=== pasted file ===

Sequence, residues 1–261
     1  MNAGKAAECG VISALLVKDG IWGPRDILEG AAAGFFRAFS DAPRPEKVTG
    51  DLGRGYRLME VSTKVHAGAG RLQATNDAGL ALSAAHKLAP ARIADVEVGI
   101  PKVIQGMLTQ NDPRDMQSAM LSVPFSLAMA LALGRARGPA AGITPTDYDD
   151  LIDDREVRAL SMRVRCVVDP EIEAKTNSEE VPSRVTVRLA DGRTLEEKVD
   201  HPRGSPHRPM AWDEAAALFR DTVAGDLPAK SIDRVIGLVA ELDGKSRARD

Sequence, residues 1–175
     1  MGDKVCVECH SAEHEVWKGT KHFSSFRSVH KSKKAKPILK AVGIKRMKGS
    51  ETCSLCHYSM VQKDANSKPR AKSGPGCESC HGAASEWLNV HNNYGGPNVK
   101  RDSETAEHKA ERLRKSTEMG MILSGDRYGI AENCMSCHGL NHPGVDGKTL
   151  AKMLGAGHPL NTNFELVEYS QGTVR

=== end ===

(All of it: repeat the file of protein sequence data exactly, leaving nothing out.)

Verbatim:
Sequence, residues 1–261
     1  MNAGKAAECG VISALLVKDG IWGPRDILEG AAAGFFRAFS DAPRPEKVTG
    51  DLGRGYRLME VSTKVHAGAG RLQATNDAGL ALSAAHKLAP ARIADVEVGI
   101  PKVIQGMLTQ NDPRDMQSAM LSVPFSLAMA LALGRARGPA AGITPTDYDD
   151  LIDDREVRAL SMRVRCVVDP EIEAKTNSEE VPSRVTVRLA DGRTLEEKVD
   201  HPRGSPHRPM AWDEAAALFR DTVAGDLPAK SIDRVIGLVA ELDGKSRARD

Sequence, residues 1–175
     1  MGDKVCVECH SAEHEVWKGT KHFSSFRSVH KSKKAKPILK AVGIKRMKGS
    51  ETCSLCHYSM VQKDANSKPR AKSGPGCESC HGAASEWLNV HNNYGGPNVK
   101  RDSETAEHKA ERLRKSTEMG MILSGDRYGI AENCMSCHGL NHPGVDGKTL
   151  AKMLGAGHPL NTNFELVEYS QGTVR